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Ehrenberg, D.B. (2000). Potential Impasse as Analytic Opportunity: Interactive Considerations. Contemp. Psychoanal., 36(4):573-586.

(2000). Contemporary Psychoanalysis, 36(4):573-586

Potential Impasse as Analytic Opportunity: Interactive Considerations

Darlene Bregman Ehrenberg, Ph.D.

Impasse is often conceived of as a situation in which treatment comes to a halt, where there is a clash that cannot be resolved, and a rupture. Nevertheless, we must recognize that many treatments that continue also constitute forms of impasse. We are all too aware of analyses of all analytic schools that have gone on for years and years with no sense of impasse while in progress, only to end with no substantial analytic result. The same patients come for second and third analyses in states of cynicism and despair about having invested so much time and money to no significant avail.

What I argue here is that in many of these cases, the basis for the impasse is that crucial interactive issues have never been engaged. The question is how to begin to open analytically the interactive issues that form the core of such impasses. My view is that if we can successfully work with these issues, potential impasse actually becomes analytic opportunity. As I have emphasized (Ehrenberg, 1974, 1992), I think this applies no matter what our theoretical perspective. Unfortunately, our theory has not adequately provided for addressing the complex forms of unconscious communication and enactment, of projective and introjective identification, and of collusion, coercion, manipulation, seduction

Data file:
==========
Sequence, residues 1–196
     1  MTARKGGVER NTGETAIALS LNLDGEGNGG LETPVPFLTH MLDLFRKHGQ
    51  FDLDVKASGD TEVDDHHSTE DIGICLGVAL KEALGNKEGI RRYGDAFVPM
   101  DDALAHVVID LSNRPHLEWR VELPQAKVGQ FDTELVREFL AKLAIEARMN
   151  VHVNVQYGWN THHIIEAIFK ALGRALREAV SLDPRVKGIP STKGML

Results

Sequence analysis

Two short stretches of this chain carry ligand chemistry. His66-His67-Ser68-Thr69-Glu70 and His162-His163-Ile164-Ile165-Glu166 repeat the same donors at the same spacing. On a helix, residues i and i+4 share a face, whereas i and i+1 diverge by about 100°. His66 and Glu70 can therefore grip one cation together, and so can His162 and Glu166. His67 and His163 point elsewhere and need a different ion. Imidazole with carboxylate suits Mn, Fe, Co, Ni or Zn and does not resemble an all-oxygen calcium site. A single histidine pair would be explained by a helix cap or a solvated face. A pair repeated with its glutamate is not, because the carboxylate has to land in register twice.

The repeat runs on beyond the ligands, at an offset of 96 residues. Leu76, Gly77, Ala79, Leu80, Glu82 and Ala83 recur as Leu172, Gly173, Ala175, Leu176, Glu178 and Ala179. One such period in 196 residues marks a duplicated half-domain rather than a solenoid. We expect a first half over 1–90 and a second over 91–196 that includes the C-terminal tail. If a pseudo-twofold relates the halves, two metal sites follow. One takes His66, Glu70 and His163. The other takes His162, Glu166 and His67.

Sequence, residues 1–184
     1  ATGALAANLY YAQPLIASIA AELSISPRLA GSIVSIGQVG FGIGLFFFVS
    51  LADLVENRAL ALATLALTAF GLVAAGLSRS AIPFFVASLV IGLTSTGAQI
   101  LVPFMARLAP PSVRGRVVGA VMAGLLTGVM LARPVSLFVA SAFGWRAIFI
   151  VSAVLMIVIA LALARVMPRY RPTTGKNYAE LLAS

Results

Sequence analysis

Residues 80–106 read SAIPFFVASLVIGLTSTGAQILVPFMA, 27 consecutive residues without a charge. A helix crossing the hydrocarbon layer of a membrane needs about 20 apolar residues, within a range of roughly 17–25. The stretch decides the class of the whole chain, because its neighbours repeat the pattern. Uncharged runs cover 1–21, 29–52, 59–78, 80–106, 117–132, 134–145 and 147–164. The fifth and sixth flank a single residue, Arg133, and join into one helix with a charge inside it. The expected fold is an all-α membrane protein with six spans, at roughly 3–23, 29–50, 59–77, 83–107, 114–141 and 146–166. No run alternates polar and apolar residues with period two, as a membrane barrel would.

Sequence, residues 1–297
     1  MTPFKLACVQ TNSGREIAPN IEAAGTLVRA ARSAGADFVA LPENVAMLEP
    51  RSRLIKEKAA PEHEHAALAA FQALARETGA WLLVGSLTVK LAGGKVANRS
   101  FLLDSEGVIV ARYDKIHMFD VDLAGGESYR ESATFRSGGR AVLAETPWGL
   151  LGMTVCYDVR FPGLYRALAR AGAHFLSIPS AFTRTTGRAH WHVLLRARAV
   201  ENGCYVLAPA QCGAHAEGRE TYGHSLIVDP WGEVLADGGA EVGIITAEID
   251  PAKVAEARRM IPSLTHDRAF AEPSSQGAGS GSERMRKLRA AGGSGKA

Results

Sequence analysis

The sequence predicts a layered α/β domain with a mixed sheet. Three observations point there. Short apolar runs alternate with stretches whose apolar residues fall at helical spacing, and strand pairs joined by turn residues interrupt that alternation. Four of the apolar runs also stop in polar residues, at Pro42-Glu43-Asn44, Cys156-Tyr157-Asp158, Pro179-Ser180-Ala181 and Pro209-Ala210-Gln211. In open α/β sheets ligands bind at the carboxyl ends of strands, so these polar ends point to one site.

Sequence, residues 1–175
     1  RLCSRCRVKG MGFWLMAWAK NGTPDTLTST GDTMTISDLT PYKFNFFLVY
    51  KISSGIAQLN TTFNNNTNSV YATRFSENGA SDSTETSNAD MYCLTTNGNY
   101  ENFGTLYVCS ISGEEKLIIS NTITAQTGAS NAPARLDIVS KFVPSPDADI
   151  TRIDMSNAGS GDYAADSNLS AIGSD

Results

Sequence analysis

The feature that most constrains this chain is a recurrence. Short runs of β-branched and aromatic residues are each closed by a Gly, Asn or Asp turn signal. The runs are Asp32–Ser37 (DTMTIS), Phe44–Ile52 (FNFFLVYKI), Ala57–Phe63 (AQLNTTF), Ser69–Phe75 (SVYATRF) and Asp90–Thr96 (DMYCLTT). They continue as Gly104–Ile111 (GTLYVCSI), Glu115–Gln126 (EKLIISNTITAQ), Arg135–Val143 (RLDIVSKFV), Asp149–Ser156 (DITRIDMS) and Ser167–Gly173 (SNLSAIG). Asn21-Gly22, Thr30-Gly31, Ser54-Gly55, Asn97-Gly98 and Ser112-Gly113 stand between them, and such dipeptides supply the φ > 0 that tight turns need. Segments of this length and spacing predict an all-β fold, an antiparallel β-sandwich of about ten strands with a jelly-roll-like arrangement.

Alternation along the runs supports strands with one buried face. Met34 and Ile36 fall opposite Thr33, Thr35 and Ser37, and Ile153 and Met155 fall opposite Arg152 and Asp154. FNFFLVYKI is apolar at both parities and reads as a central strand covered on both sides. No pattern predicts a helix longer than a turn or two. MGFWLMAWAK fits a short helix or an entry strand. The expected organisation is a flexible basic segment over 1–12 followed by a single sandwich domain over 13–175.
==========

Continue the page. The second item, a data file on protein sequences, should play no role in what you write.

Earlier versions were presented at a panel, “Negotiating Impasses: Different Perspectives,” at the meetings of the Division of Psychoanalysis (Division 39) of the American Psychological Association, April 16, 1993, New York City; at the International Forum of Psychoanalysis, Florence, Italy, May 14, 1994; at the Association for the Advancement of Psychoanalysis, New York, May 26, 1994; at the Derner Institute, Adelphi University, Garden City, New York, December 10, 1994; at the Northwest Center for Psychoanalysis, Portland, Oregon, April 12, 1995; at the Psychoanalytic Institute of Northern California, San Francisco, April 24, 1995; at the Minnesota Society for Contemporary Psychoanalytic Studies, Minneapolis, October 21, 1995; and at the Twenty-fourth Annual Scientific Conference on “The Difficult Patient,” Washington Square Institute, New York City, February 6, 2000.

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